Cambodia has halted and reduced the transmission of HIV, with new infections dropping from 3,900 in 2005 to less than 1,000 in 2019.
The HIV epidemic in Cambodia continues to be concentrated among certain groups of people at higher risk of infection: sex workers, men who have sex with men (MSM), transgender people, people who inject drugs, and prisoners.
Compared with other marginalised groups, people who inject drugs have the highest HIV prevalence at 15.2%. They also have by far the lowest treatment coverage at 30.8%.
To address this, Cambodia has worked hard to provide harm reduction methods for people who use drugs. These initiatives include as needle and syringe programmes (NSP) and opioid substitution therapy (OST).
Did you know?
- Less than 1,000 new HIV infections occur in Cambodia each year, a 62% reduction since 2010.
- Cambodia has reached the 90-90-90 targets for testing and treatment, meaning that 90% of people living with HIV know their status, 90% of people living with HIV are on treatment, and 90% of people on treatment are virally suppressed.
- The country has high coverage of needle and syringe programmes – a harm reduction initiative for people who use drugs.
Meet one of Our partners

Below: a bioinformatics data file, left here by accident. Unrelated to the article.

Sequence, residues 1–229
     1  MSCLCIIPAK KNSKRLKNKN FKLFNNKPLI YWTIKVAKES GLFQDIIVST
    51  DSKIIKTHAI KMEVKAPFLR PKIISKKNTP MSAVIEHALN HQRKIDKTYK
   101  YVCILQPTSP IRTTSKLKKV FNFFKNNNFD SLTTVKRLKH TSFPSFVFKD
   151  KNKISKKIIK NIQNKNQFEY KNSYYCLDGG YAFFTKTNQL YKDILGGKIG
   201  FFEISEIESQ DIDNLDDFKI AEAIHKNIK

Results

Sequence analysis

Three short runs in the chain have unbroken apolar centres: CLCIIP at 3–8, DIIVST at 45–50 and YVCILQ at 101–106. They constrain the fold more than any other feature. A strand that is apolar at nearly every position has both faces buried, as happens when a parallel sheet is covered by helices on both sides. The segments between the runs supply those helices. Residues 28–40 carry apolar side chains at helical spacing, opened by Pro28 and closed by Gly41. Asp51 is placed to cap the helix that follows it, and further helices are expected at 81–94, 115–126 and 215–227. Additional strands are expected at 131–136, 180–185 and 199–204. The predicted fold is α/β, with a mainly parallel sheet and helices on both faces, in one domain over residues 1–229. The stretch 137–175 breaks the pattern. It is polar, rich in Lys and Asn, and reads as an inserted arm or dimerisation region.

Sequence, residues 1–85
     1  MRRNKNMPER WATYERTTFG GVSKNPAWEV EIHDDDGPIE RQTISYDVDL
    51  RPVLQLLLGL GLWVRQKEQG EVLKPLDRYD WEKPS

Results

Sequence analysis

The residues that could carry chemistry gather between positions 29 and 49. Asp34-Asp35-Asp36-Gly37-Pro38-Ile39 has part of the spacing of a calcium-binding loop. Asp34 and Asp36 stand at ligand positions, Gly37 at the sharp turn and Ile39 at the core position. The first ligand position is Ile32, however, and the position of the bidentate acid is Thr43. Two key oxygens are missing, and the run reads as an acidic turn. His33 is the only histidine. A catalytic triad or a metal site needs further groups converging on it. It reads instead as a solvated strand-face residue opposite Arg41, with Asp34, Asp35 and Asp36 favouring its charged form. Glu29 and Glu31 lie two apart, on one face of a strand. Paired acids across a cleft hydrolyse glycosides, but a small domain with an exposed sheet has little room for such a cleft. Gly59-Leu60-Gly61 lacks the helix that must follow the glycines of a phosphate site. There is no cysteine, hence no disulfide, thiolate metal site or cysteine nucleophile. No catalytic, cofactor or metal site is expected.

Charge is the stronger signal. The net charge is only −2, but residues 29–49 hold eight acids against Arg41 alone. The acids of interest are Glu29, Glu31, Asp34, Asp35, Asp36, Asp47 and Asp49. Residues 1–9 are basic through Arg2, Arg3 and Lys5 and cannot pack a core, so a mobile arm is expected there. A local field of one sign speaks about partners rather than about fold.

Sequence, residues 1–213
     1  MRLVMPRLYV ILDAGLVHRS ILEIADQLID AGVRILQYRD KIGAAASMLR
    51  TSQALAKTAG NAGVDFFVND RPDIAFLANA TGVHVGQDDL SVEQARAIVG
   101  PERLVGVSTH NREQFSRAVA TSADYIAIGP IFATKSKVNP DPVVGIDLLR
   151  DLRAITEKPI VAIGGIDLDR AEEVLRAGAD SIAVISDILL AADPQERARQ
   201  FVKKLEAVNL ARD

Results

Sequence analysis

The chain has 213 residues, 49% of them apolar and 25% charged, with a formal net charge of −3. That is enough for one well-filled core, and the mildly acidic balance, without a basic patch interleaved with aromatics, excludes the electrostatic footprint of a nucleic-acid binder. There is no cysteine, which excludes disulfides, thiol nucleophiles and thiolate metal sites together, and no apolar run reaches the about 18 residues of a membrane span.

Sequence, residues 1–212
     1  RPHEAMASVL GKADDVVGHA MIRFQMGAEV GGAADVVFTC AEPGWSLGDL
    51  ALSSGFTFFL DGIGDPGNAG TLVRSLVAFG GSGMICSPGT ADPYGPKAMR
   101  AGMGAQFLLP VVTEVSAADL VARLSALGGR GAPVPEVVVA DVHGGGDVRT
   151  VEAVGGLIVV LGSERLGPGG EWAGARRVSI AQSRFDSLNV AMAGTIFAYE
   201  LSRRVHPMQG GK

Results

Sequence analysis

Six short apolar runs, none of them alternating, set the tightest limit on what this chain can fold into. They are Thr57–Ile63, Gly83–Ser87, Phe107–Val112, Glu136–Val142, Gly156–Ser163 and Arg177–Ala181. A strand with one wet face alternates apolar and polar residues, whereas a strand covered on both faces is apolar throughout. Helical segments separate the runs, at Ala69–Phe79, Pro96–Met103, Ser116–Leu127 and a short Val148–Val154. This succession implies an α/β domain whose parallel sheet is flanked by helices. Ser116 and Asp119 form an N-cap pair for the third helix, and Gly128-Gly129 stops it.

We have been responding to HIV in Cambodia for over 20 years. What started as an Alliance project in 1997 has now grown into KHANA, the largest non-governmental organisation working on HIV in Cambodia.
Although the number of new infections has decreased significantly, we need to keep working to see this number fall even further. KHANA’s work helps prevent new infections, particularly among the most marginalised groups.
KHANA has a research branch called Khana Center for Population Health Research that produces high quality research on HIV and key populations.
OUR IMPACT IN CAMBODIA
In 2019, KHANA:
- Reached almost 30,000 people in marginalised populations with sexual reproductive health and rights interventions including HIV. This included over 9,000 MSM, 18,000 sex workers, and 2,600 transgender people.
- Published an impressive 16 peer-reviewed journal articles. The topics included:
- Social marginalisation, gender-based violence, and binge drinking among transgender women
- The links between HIV prevention programmes and increased empowerment, inclusion and agency for marginalised populations who demand equal rights
- Prevalence of risk factors of HIV infection among people who inject drugs
- Methods to build a mobile health intervention among sex workers in Cambodia.
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